Gifting East: Christmas Edition (#311)

Shopping for anyone from a different culture is tricky.

Shopping for your in-laws is tough.

Shopping for your Chinese-American in-laws?

You’re fucked worse than The Martian.

I’ve written before about how difficult it was to get gifts for Andy’s parents. The nicer the gift, the more Sunny was likely to return it, insisting that we should save our money. She wouldn’t accept an exchange or a credit, either. Sunny would demand that some poor clerk dig up our original credit card number and return it on our credit card.

And if the beleaguered cashier couldn’t find our credit card number? Sunny would call Andy and ask him for it.

We sent flowers next. Sunny complained that they were expensive and didn’t last.

Andy sent her live plants like orchids.

Those were acceptable. Or so we thought.

Then we found out that Sunny was refusing delivery of the plants.

We gave up on plants. Once Baby D was born, I sent baby pictures, often in pretty frames. Sometimes I added preschool artwork. When he was old enough, I made sure he wrote notes on the most expensive, elaborate cards I could find.

Delivery was never refused on those, at least.

*****

A few weeks ago, I reminded Andy that he needed to send his mother a Christmas gift. “Especially this year. She’s all alone. No one can even visit her because of COVID.”

“Don’t we have any school photos of Dashiell?”

“The kid didn’t have any school, how the hell would we get pictures?!”

“Couldn’t we get a photographer—”

“It’s too late, and a photo shoot is too risky anyway. Maybe a Harry & David basket of pears and apples since she doesn’t like sweets?” I suggested.

“Can’t send fruit to Hawaii.”

“What about a cheese and meat basket?”

“Makes her gassy.”

“Wait! She drinks wine, right? You can send wine through Harry & David now!”

“Yeah, but you can’t send wine to Hawaii, honey.”

“Ugh, you can’t send ANYTHING good to Hawaii. But…what if we got it delivered from a local liquor place? Remember how my brother just sent you that special bourbon through that Drizly on-demand liquor service? Can you do that?!”

Andy whipped out his phone and scrolled for a few tense minutes before shaking his head. “Doesn’t extend to Hawaii.”

“Surely now, with COVID and people quarantining, especially in Hawaii, surely SOMEONE has created an alcohol delivery service for Honolulu at least. Keep searching!”

Andy did. He searched for days, checked reviews, and made phone calls. Eventually he found a service called Kakaako Wine that not only delivered wine, they even added “local delicacies” and prettied the booze up in a gift basket.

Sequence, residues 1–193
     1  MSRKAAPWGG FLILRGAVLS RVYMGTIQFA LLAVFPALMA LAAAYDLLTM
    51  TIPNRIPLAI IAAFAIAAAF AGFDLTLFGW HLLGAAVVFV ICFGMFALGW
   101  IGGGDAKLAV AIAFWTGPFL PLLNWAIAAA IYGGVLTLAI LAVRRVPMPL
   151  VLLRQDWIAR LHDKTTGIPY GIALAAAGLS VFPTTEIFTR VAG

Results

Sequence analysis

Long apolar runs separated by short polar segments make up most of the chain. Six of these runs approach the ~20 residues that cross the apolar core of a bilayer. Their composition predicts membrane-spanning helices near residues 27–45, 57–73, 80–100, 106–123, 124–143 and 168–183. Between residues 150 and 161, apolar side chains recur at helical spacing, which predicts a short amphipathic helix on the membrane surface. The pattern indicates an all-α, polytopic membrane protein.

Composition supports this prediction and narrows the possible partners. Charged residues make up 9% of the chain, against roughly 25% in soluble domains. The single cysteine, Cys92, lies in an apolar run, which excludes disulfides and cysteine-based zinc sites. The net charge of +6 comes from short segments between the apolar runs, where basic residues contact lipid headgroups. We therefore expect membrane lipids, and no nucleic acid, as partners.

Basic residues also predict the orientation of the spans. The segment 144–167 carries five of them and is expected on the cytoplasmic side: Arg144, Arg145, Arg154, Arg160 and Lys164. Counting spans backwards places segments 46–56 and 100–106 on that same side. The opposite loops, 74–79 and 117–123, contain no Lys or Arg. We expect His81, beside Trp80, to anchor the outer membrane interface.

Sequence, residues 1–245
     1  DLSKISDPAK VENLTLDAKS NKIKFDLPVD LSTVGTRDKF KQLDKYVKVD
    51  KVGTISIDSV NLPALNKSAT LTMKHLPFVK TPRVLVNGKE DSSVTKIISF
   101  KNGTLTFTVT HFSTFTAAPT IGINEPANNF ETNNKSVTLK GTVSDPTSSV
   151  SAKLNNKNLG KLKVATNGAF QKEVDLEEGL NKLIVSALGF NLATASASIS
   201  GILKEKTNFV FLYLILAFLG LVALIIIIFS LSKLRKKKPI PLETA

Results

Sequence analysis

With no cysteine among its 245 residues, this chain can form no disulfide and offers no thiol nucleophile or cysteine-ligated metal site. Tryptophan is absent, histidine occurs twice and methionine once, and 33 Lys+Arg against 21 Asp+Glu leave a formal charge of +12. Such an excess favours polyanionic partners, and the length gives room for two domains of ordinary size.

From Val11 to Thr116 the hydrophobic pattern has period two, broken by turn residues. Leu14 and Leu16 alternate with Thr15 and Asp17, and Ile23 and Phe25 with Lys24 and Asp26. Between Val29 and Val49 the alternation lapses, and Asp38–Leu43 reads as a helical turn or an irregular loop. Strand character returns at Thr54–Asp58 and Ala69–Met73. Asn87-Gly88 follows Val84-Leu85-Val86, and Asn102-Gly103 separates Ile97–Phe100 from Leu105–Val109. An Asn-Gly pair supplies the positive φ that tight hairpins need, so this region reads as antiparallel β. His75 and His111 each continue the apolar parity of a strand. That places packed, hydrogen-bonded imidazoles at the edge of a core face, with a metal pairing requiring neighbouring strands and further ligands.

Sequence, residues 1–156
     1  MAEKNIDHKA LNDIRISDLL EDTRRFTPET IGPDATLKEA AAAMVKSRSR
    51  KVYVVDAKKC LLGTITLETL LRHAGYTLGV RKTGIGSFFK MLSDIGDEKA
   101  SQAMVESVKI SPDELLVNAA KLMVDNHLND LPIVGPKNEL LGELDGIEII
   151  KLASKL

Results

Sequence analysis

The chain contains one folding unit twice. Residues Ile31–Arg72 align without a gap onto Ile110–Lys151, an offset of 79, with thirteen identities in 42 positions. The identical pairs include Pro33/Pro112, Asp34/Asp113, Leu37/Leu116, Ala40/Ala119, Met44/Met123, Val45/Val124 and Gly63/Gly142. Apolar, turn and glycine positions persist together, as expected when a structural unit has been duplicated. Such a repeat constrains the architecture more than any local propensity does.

Andy placed his order a few days ago. Then he sweated and fretted: “What if she doesn’t like it? What if…she refuses delivery?!”

“Call her,” I told him. “Call her and tell her you are sending a basket and they’ve already charged you!”

I don’t know if he called her or not. But here’s the text I got December 23rd:

 

A Sunny Visit (#309)

After my father-in-law died, my Chinese-American mother-in-law hunkered down at home for more than a year. Her children flew to Hawaii to visit her. Sunny, who had once longed to travel, only left the house for shopping and walks.

Until my brother-in-law needed help with childcare. Sunny decided to bookend her months at Denny’s house in Northern California with visits to our house in Southern California (and a side trip to Vegas with her sister, of course).

Having had my fill of in-law visits, I went to New York City during the first four days of Sunny’s visit. Don’t be thinking it was filled with shows or shopping, though! I cooked, cleaned, and helped my sister adjust to having a newborn.

When I got home, practically the first thing my son did was complain about eating out.

Now, maybe you think it’s normal for husband and son to eat out when the wife is gone. If so, 1) check yourself on the gender stereotyping and 2) you must be new here. Continue reading A Sunny Visit (#309)

Turkey Day Birthday (#308)

TUESDAY, T-MINUS 2 DAYS

6 AM: Suicidal squirrels dart in front of dog on walk. We go down in a heap on cement, one of us swearing all the way. Badly bruised knee, road rash through pants, banged up hip and wrist. Nothing broken. Unfortunate. Still stuck having to cook up Thanksgiving & Birthday dinner for husband.

12:20 PM: Start on crust for Chocolate Satin pie husband requested. Baby D dismantles Oreos for the chocolate crust while I limp around kitchen.

1:30 PM: Pull pie crust out of oven. Discover sides have slid to the bottom of pie pan. Tell Baby D to quit eating all the Oreo middles while scrambling to find more reputable recipe online. Wonder who the fuck bribed 100+ people to write glowing reviews of crap pie recipe.

2 PM: Settle on Epicurious chocolate cream pie because have all the ingredients. Cook filling and bake pie crust while Baby D sneaks more Oreo middles.